Sleep apnea persisting into teens can impact life skills, study finds

The number of children with obstructive sleep apnea (OSA) declines as they enter adolescence, but the teen years can be a devastating trial of behavior and learning problems for kids with persistent OSA, new research shows.

University of Arizona researchers studied 263 children at two different time periods in their young lives approximately five years apart. Among children who continued to suffer from OSA into their teens, they found a higher rate of problems with attention, , , difficulties controlling their emotions and managing , as well as a diminished capacity to independently care for themselves.

"If left untreated, OSA negatively impacts a youth's ability to regulate their behaviors, emotions and social interactions," said Michelle Perfect, lead author of the study. "These behaviors can interfere with their ability to care for themselves and engage in socially appropriate behaviors – skills that are needed to be successful in school."

These findings could not be attributed to sex, race or ethnicity, body mass index (BMI) or age. The results also suggest that the absence of OSA or even its remission is a protective factor as children move into adolescence, Perfect said.

She noted that rates of impairment defined as at-risk or clinically significant by standardized psychology measurements were double and triple among the young people with OSA compared with their peers without respiratory issues. These results show the need to identify and treat OSA in children before it persists into their adolescence, Perfect said.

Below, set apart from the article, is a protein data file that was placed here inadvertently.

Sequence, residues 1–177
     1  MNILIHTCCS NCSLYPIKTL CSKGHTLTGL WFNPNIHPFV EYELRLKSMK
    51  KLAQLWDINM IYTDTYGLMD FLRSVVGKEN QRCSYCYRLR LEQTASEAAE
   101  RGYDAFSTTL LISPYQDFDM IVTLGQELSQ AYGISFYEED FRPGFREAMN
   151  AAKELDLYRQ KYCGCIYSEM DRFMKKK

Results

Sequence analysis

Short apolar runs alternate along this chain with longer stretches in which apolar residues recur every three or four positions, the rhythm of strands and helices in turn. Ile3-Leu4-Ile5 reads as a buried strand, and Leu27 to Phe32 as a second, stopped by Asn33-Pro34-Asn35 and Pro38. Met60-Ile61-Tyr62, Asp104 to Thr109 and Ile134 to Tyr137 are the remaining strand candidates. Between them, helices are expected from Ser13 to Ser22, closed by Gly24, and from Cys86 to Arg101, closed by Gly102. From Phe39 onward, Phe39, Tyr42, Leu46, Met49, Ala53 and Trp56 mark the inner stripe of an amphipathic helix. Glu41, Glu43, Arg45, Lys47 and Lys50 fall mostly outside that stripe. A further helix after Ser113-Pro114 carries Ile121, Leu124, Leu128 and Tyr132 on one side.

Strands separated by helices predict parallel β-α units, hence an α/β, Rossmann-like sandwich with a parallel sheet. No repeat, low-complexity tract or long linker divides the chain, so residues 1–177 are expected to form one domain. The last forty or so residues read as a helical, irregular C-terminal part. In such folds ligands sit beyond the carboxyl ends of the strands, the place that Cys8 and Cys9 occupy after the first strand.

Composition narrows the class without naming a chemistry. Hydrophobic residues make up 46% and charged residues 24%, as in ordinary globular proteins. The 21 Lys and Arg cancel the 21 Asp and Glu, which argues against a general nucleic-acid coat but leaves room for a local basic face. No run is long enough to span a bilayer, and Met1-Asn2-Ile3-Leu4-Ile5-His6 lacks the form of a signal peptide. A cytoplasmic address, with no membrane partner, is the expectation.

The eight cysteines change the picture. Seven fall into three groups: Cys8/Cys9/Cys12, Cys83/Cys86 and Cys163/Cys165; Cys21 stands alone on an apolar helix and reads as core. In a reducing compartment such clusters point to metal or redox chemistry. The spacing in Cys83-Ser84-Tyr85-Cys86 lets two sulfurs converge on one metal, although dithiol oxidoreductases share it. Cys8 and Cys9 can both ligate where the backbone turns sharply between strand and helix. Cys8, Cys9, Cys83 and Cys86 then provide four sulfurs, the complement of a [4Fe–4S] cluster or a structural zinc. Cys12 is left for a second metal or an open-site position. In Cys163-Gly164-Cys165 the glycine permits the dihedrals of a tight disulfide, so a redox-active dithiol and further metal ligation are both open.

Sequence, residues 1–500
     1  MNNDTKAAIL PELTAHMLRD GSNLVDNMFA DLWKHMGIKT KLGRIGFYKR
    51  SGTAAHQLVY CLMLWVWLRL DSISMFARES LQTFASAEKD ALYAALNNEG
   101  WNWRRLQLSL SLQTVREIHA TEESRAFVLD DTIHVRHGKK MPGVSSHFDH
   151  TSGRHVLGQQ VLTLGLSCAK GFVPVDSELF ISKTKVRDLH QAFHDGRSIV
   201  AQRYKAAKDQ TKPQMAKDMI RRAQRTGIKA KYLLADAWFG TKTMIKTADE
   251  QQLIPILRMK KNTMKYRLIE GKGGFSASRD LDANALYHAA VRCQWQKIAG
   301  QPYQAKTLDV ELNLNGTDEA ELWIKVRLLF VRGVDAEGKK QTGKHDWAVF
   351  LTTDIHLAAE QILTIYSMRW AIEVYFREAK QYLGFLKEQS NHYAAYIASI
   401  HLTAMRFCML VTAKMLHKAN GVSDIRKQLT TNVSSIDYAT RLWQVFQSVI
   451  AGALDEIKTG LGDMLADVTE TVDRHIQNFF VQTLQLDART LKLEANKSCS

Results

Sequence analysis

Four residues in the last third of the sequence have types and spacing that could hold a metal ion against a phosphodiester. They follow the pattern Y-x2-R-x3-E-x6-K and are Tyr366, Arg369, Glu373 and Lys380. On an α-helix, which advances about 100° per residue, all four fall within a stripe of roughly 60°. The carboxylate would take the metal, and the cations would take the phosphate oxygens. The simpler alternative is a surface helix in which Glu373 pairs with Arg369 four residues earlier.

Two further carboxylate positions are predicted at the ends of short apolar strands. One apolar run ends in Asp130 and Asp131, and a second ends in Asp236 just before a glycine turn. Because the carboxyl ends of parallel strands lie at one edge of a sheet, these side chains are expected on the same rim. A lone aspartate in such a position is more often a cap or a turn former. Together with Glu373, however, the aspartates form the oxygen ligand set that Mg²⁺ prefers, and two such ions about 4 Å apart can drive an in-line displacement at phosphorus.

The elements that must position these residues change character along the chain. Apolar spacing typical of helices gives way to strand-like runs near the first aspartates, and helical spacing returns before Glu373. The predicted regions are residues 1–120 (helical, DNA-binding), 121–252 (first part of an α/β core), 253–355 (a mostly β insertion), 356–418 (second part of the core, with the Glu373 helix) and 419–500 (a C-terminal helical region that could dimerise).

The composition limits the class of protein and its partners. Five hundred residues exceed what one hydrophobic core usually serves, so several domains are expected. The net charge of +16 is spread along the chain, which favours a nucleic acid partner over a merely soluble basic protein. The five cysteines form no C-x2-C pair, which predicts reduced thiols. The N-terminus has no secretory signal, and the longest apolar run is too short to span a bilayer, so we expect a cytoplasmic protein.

More information: The abstract "Concurrent and longitudinal associations of sleep-disordered breathing with behavioral and adaptive functioning in youth" is being presented today at SLEEP 2012, the 26th annual meeting of the Associated Professional Sleep Societies (APSS) in Boston.

Related Stories

Recommended for you

Here's what you need to know about sleep apnoea

date Apr 07, 2015

Sleep apnoea is a condition where people repeatedly stop breathing while asleep. People with sleep apnoea often complain of daytime sleepiness, difficulties concentrating, and they tend to have high blood ...

User comments

Please sign in to add a comment. Registration is free, and takes less than a minute. Read more

Click here to reset your password.
Sign in to get notified via email when new comments are made.